Mr. O’Toole, this is delay for the sake of delay — at the expense of the country,” Freeland wrote at the time.

O’Toole responded that “modest debate” over the bill was appropriate and said it was up to Liberals to manage their legislative calendar and prioritize proposed legislation.

C-14 cleared second reading in the House Monday afternoon and is headed to the finance committee for further study.

Liberals have also accused the Tories of obstructing their assisted-dying legislation, Bill C-7, by refusing to hold evening sittings in the House on the matter.

Deltell said in his statement that his party wants the minority Parliament to work so Canadians aren’t forced to the polls again. “To that end, we call on the Liberal government to put aside their political games so we can focus on helping Canadians,” he said.

Though there has been speculation about a possible spring election for months, both Liberals and Conservatives maintain they don’t want to send Canadians back to the polls. O’Toole has said several times the pandemic must be behind Canadians before another election is called.

Conservatives are currently running TV ads that introduce O’Toole to Canadians, six months after winning his party’s leadership race.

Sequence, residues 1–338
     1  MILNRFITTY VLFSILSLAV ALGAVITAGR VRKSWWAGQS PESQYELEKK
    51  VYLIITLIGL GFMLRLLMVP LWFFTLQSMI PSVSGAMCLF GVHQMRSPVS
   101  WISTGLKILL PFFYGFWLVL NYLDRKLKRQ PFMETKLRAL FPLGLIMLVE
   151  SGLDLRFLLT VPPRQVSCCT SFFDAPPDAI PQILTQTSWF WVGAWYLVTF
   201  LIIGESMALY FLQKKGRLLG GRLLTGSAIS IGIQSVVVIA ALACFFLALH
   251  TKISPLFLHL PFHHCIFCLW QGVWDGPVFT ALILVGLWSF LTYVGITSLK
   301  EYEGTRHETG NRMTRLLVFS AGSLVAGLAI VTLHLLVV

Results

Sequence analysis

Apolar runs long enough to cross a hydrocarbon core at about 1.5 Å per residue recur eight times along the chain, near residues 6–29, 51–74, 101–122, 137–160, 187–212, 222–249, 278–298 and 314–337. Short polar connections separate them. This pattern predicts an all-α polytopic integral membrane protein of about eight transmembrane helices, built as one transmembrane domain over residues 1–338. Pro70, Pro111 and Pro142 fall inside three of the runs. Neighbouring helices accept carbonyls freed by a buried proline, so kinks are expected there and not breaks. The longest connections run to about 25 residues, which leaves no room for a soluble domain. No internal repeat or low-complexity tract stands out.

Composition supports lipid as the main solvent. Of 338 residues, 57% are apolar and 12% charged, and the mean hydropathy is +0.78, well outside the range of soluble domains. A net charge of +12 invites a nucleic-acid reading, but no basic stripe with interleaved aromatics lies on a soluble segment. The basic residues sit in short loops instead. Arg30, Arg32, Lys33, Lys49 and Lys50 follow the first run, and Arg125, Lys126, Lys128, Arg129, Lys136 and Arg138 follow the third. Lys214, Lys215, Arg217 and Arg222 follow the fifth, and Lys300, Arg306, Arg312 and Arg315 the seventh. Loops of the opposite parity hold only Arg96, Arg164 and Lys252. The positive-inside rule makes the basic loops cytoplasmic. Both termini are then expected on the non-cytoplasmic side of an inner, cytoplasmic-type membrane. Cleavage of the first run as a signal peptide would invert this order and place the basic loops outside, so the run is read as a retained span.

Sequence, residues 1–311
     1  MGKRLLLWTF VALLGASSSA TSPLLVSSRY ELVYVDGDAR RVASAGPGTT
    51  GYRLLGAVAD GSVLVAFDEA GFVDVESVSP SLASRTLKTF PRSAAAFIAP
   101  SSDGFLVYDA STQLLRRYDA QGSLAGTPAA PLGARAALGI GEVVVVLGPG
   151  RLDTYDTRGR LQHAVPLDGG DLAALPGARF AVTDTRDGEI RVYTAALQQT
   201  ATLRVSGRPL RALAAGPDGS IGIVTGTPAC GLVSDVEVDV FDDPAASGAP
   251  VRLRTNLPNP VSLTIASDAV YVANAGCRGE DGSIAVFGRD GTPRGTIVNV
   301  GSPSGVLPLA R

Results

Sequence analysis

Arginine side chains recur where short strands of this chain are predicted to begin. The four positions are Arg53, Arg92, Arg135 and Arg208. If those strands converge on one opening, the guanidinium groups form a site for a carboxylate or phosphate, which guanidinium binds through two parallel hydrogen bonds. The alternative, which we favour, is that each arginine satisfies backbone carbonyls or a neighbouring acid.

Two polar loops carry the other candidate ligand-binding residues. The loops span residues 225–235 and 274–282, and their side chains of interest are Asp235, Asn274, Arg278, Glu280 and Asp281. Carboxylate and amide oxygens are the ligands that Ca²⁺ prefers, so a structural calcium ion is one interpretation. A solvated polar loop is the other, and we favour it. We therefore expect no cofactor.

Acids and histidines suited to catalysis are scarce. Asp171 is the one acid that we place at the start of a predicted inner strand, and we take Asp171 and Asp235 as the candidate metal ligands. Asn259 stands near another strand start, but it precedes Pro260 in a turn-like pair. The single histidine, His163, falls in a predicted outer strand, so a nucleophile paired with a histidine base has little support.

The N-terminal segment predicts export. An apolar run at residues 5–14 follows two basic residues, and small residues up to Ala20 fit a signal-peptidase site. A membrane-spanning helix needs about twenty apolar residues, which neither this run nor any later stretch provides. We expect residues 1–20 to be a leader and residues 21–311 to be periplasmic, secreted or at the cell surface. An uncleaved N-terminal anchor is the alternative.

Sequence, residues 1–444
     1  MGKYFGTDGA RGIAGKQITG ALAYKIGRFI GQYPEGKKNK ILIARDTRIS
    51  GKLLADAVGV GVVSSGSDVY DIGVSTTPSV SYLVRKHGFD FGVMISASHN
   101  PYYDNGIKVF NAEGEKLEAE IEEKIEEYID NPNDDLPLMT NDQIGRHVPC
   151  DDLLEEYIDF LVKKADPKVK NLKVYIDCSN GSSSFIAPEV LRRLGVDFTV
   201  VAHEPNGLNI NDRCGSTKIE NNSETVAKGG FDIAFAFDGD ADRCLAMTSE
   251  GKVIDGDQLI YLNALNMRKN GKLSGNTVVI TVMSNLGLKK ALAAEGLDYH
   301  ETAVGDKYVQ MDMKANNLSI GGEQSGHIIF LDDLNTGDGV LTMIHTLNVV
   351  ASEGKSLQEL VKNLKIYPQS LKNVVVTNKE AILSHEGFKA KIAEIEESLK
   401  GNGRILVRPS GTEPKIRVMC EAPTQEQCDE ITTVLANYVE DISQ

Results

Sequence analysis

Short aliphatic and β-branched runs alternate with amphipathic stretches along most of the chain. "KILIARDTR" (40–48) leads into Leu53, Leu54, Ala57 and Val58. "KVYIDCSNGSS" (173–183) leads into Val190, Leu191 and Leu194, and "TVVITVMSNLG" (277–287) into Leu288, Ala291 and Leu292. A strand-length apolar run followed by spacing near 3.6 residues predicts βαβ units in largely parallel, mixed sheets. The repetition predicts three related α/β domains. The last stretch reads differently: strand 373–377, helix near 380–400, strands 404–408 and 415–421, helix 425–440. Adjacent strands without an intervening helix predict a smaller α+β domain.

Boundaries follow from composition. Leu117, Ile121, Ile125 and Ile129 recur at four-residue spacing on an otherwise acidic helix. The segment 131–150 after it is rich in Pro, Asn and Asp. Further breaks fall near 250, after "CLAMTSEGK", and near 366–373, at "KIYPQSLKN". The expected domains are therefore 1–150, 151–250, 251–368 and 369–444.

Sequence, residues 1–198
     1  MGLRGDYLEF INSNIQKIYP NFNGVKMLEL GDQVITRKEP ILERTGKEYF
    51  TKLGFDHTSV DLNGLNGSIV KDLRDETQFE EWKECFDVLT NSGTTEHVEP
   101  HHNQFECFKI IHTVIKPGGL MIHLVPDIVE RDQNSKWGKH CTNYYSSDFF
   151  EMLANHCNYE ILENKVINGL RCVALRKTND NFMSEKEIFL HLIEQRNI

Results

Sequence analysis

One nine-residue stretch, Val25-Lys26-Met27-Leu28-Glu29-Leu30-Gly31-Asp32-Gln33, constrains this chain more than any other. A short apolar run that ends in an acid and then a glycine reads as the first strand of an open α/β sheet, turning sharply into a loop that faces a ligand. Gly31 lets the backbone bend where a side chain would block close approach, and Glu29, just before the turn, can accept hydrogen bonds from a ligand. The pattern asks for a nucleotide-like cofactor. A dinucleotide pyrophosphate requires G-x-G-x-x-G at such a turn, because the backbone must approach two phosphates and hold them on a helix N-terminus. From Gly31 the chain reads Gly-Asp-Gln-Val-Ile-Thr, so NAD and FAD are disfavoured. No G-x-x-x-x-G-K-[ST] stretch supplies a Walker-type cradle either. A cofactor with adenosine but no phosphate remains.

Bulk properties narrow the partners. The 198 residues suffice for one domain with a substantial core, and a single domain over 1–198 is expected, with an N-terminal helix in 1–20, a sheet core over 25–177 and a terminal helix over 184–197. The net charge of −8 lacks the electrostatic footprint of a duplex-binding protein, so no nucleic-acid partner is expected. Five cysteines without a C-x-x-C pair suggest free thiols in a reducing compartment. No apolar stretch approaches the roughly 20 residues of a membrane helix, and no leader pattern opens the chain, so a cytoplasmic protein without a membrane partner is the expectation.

NDP Leader Jagmeet Singh has also publicly ruled out trying to trigger an election amid the pandemic. Last month, Singh told reporters his caucus was prepared to “vote to keep the government going” on confidence matters.

The NDP helped prevent an election in the fall by voting with Liberals against a Conservative motion to create a new committee to examine the WE Charity controversy and pandemic-related spending — originally pitched as an “anti-corruption committee.” Liberals deemed the vote to be a confidence test.

Singh also took the matter to question period, asking Prime Minister Justin Trudeau on Feb. 17 to commit he would not call an election while Canadians are fighting the pandemic.

Trudeau responded at the time that, in a minority Parliament, the government does not have the “sole power” to decide when we head into another campaign. Though there is nothing stopping the prime minister from calling an election should he wish to do so, Trudeau appeared to be referencing the overall functioning of Parliament.

The opposition members have a role to play not only in providing confidence for the House, but also by being able to function appropriately to deliver the help to Canadians that Canadians so seriously need,” Trudeau said.

If the prime minister should soon change course and claim he was forced to call an election because Parliament wasn’t functioning properly, he’d be taking a page from his predecessor.

In 2008, Conservative prime minister Stephen Harper called a snap election that ignored his government’s own fixed-election-date law because, in his words, the minority Parliament had become “dysfunctional.” The election that year resulted in a stronger minority government for the Conservatives.

With a file from The Canadian Press